CAFTA member Honduras slashes minimum wage... in order to compete with low-wage Nicaragua
The National Labor Committee has posted an action alert that shows just how much CAFTA has not lifted all boats, but to the contrary is creating pressures to capsize the whole working class flotilla:
First it was Alcoa workers in Mexico who were pitted against lower wage Honduran workers. (They were told by Alcoa that they "could hire two Hondurans for every Mexican.") Now that Alcoa has busted a union organized at its wire harnessing plant in the El Porvenir Free Trade Zone in Honduras--immediately firing all 50-plus union leaders and organizers--local Alcoa management is threatening that if the workers continue to organize, the plant will be shut down and relocated to NICARAGUA, where "labor is cheaper and workers don't make so many demands or cause problems." Alcoa's race to the bottom strategy has spread from the U.S. to Mexico and now to Central America, where under CAFTA the workers are being pitted against each other to work for less and abandon their legal rights...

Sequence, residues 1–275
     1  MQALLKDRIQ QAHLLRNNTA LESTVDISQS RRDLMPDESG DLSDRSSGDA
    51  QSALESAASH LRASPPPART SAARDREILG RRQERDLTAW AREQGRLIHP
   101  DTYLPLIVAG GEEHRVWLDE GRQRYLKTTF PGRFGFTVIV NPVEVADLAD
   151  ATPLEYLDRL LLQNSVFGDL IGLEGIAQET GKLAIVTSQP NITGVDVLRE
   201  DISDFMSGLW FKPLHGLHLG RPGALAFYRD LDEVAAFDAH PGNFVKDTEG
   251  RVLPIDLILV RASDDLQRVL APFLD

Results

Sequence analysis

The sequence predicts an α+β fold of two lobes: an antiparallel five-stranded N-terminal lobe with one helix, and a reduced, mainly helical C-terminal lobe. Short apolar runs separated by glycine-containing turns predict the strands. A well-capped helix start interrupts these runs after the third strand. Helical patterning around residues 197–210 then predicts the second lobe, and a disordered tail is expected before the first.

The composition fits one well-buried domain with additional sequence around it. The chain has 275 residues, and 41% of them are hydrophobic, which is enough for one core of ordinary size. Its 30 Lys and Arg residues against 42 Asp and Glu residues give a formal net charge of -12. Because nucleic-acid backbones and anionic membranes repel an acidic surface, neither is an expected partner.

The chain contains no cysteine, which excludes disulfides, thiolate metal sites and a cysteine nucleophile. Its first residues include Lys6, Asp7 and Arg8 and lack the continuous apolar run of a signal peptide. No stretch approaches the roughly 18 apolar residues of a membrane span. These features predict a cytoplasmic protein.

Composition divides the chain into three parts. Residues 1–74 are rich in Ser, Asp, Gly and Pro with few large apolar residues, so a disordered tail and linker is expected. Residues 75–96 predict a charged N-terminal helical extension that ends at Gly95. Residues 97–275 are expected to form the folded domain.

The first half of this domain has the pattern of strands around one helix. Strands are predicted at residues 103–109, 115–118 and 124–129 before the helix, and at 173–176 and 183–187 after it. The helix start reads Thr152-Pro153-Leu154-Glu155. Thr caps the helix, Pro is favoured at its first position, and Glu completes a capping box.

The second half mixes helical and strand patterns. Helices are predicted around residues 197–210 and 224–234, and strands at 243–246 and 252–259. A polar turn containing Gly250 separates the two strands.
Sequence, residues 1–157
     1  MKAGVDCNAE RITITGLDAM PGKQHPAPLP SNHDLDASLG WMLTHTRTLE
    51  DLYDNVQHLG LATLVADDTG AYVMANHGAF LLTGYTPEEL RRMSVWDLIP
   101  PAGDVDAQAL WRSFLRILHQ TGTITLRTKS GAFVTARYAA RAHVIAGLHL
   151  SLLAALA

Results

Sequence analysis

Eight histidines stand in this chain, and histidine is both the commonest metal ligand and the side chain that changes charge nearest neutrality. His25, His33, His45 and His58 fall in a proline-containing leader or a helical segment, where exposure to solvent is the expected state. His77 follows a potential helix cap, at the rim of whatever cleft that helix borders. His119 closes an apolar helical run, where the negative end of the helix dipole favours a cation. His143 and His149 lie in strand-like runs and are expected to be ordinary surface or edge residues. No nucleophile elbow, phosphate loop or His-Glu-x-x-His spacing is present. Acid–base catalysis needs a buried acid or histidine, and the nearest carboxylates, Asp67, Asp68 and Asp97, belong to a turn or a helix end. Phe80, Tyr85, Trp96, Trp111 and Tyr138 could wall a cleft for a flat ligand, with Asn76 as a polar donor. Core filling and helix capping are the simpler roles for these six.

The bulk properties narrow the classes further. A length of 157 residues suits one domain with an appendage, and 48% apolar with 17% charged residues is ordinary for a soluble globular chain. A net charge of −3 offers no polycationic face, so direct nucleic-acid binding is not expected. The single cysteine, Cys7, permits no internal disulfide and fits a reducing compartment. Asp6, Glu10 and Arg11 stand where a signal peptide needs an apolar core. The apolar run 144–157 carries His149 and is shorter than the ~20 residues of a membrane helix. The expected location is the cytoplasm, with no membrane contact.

In a related CAFTA-esque step backward, the Honduran Government has just reduced the minimum wage in the South of Honduras (including the department of Santa Barbara) from $178 to $136 a month. This is a 24 percent drop in wages, from 74 cents an hour to 57 cents. The largest free trade zone in Central America, the recently completed Green Valley Industrial Park is conveniently located in Santa Barbara to access the 57-cent-an-hour wages. San Pedro Sula, where the majority of the maquila factories are concentrated, is just 20 miles or so from Santa Barbara. How long will it be before wages drop in the rest of Honduras? The last time the export factory workers’ wages were at or lower than 57 cents an hour was 5 years ago. Today's 57 cent an hour wage is, in terms of real purchasing power, much lower due to inflation.